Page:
Smartphones could reduce social stress, UCI study says

student photo

 

Physiological markers of stress go down when a person has their smartphone.

Possessing -- but not actually using -- a smartphone during moments of social isolation could reduce stress, according to a new study published in the journal Psychosomatic Medicine by a UCI Ph.D. student, his professor and others.

“It’s a situation we’ve all been in: You’re out and about and the conversation goes stale and everyone pulls out their smartphones,” said John Hunter, a Ph.D. candidate in psychology and social behavior, and the lead author on the study. “This retreat is so common, and results in a state of absent presence, where a person is physically there, but cognitively distant.”

Many studies have looked at the negative psychological and social effects of smartphones, but fewer have examined the positive effects. This new study suggests smartphones could buffer against feelings of social exclusion.

The study found that having the phone, but not using it, dramatically reduced stress in social situations. Using the phone didn’t help people feel less stressed, though it did help them feel less excluded.

“There’s something about having your phone but not using it that dramatically reduced stress,” Hunter said. “It could be that possessing your phone reminds you of your social support system, but that mindlessly scrolling through social media leaves you feeling worse about yourself.”

A total of 148 people participated in the study over roughly nine months. After completing questionnaires for about 25 minute and giving saliva samples to measure substances related to stress, participants were told to wait in a room with two others. One-third were encouraged to use their phones as they normally would, one-third were asked not to use their phones and one-third had their phones taken away.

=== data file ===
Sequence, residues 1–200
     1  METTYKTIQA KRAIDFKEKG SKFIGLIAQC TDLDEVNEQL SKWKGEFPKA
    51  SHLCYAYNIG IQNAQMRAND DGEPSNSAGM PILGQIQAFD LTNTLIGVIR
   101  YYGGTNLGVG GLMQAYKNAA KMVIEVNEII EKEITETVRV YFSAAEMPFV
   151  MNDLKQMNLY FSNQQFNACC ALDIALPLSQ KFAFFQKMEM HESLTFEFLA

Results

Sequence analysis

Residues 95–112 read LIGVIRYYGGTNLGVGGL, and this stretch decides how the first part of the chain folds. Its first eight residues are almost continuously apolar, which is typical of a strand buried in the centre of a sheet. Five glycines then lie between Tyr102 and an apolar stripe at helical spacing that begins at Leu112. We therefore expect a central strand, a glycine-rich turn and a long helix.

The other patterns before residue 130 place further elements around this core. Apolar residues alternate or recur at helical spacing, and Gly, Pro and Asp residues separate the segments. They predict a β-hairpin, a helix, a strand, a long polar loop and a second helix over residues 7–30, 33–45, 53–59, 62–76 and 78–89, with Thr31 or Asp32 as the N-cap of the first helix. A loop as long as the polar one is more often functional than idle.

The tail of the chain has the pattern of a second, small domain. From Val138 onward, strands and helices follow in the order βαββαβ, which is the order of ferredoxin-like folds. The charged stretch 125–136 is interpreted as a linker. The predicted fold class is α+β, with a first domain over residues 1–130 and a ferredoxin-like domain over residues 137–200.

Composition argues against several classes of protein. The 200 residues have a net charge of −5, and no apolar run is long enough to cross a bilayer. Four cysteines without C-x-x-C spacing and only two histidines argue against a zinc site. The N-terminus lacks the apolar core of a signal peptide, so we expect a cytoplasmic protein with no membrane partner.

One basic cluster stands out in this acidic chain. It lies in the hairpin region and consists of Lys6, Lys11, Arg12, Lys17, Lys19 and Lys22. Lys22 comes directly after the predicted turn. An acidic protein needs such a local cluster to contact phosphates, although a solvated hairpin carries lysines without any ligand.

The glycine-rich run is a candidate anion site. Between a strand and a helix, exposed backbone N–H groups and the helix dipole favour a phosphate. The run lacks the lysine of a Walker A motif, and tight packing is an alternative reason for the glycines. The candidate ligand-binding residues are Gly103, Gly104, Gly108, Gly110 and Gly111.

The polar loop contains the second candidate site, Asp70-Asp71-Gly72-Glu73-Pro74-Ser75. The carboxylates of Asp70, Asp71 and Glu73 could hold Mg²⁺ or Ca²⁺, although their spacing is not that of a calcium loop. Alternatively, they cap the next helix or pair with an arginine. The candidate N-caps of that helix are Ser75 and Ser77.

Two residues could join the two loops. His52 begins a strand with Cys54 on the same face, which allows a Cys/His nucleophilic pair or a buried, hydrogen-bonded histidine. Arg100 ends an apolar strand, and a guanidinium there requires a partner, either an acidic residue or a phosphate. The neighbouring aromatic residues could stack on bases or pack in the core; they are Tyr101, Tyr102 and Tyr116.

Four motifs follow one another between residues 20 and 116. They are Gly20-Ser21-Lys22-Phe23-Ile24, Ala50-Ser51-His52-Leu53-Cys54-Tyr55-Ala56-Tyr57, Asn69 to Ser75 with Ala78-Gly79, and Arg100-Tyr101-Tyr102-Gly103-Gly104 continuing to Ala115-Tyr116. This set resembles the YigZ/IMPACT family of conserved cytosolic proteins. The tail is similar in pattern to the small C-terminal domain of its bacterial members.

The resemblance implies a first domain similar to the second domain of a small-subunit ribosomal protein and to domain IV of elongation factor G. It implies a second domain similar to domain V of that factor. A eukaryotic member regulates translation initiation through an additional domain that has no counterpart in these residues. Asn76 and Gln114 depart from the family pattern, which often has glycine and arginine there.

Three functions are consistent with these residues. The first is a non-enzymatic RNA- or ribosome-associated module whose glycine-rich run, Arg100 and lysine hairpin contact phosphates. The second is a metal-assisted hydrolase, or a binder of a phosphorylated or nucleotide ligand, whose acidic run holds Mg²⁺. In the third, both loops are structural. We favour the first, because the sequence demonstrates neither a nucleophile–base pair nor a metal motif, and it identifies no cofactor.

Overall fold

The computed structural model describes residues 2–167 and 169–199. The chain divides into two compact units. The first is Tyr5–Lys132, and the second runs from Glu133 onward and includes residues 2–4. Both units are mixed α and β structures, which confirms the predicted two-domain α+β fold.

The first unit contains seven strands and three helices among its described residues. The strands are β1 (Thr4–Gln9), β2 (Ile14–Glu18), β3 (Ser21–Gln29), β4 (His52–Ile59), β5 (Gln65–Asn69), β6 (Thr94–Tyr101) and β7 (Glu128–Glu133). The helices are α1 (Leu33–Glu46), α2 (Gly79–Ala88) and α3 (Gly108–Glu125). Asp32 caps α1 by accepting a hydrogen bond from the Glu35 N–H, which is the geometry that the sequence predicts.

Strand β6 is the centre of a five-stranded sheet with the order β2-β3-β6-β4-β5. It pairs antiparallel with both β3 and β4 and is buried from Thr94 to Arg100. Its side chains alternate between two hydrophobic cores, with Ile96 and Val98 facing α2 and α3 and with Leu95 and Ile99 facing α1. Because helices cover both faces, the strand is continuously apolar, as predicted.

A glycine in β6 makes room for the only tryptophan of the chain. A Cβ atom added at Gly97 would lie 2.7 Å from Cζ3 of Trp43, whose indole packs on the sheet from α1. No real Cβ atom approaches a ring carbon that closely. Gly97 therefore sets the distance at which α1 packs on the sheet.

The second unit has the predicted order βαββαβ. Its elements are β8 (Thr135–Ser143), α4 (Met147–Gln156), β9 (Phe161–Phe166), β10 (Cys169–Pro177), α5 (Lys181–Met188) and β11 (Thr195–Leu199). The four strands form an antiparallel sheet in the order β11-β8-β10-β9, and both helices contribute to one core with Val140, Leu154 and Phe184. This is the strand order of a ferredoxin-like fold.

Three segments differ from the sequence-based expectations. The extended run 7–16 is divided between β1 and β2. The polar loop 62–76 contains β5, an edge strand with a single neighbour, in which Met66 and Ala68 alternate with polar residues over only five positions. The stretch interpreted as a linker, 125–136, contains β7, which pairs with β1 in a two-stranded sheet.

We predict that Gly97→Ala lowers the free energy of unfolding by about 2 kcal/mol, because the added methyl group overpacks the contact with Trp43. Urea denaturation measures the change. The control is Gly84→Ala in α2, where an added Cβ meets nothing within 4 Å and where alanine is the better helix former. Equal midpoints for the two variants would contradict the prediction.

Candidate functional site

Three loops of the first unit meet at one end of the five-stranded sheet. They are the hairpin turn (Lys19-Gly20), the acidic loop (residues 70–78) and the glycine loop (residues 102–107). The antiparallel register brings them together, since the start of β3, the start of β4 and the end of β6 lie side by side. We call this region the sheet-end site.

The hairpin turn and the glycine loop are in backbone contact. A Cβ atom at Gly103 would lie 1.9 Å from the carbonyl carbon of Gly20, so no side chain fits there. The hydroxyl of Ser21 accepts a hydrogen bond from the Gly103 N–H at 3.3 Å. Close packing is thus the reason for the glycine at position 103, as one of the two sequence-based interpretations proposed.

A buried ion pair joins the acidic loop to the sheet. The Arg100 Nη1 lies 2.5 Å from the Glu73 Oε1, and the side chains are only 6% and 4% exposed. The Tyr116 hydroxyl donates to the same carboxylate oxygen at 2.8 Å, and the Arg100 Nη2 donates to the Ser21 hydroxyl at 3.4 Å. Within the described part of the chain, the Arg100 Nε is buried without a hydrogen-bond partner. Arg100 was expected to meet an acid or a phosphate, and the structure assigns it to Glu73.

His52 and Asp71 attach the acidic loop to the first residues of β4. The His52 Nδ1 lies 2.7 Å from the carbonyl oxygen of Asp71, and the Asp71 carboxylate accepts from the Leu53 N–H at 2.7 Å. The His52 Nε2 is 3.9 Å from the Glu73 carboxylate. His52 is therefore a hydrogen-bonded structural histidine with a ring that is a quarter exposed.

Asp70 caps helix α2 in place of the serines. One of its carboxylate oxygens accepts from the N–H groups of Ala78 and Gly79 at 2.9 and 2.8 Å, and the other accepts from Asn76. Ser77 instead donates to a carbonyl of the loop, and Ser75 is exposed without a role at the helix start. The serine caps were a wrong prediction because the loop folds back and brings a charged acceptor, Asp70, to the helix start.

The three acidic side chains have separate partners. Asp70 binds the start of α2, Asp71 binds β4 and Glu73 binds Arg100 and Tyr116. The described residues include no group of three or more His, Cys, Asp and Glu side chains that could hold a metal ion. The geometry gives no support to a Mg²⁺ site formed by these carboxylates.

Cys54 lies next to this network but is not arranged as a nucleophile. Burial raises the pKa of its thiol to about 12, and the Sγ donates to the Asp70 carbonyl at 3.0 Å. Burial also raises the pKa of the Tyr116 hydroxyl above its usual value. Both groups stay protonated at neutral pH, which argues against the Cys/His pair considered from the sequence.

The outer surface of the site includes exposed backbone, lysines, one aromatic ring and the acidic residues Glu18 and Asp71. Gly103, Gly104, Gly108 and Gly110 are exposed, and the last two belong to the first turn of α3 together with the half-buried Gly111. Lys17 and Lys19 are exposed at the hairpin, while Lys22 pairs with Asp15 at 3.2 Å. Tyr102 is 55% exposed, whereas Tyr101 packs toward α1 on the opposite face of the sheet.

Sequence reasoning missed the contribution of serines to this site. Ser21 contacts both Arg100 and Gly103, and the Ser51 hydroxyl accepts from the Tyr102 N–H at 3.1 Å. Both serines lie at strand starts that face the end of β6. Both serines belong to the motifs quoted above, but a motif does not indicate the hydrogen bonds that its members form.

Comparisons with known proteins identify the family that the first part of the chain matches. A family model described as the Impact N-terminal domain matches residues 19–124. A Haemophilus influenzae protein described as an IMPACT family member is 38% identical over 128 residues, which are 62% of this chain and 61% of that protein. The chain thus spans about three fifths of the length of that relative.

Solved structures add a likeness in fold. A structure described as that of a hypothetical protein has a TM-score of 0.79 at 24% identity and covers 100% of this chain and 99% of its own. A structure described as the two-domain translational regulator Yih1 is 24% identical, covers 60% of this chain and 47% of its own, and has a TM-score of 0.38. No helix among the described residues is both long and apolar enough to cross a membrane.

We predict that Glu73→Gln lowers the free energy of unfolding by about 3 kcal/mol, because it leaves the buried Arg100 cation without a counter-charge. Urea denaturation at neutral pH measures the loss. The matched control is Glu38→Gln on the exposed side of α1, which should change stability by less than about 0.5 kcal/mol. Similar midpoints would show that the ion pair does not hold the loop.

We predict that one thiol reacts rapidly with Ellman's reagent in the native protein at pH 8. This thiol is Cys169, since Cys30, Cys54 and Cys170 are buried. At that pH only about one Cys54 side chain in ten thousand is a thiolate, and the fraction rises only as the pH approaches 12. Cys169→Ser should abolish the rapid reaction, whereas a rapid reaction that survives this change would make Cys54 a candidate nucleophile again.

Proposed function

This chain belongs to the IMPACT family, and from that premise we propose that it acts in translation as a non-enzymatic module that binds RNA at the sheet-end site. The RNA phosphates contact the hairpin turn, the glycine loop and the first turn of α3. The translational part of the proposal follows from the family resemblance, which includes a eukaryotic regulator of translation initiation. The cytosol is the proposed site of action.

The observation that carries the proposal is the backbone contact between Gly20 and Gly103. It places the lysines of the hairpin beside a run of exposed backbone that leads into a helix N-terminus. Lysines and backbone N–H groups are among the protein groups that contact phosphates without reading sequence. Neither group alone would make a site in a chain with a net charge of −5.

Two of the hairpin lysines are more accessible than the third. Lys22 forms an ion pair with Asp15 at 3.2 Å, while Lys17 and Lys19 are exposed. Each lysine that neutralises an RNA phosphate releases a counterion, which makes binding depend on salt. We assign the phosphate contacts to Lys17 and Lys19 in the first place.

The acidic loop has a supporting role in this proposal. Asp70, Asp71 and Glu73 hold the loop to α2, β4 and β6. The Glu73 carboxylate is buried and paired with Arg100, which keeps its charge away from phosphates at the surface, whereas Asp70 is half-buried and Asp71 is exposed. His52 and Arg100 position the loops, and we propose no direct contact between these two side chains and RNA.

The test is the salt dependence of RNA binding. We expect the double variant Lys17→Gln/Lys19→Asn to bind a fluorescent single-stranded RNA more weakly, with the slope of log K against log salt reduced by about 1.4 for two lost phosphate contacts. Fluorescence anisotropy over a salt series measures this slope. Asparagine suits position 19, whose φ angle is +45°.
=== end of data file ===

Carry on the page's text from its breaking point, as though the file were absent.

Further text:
At a certain point, two of the participants -- who were actually actors -- launched into a conversation to make the third person feel excluded, ignoring them and discussing, for instance, a fictional connection in Ohio. After, the participants gave additional saliva samples and completed more surveys.

The saliva samples were used to measure alpha amylase, which is released immediately in response to certain kinds of stress and reflects the fight-or-flight response, and cortisol, which is a delayed response to stress.

The researchers found that those who didn’t have their phones and those who used them had higher levels of alpha amylase -- and higher levels of physiological stress -- than those who had their phones but didn’t use them. Age, gender and ethnicity affect stress levels, and neither did a person’s self-reported level of connection to their smartphone.

“The body’s stress response, along with sensations of isolation, rejection and stress, can be harmful to future health,” said Sarah Pressman, an associate professor of psychology and social behavior, and a co-author on the study. “This is the first study to empirically show that smartphones make us feel better and observably reduce stress hormones in the body. This study points to the possibility that smartphones can be healthful in some ways.”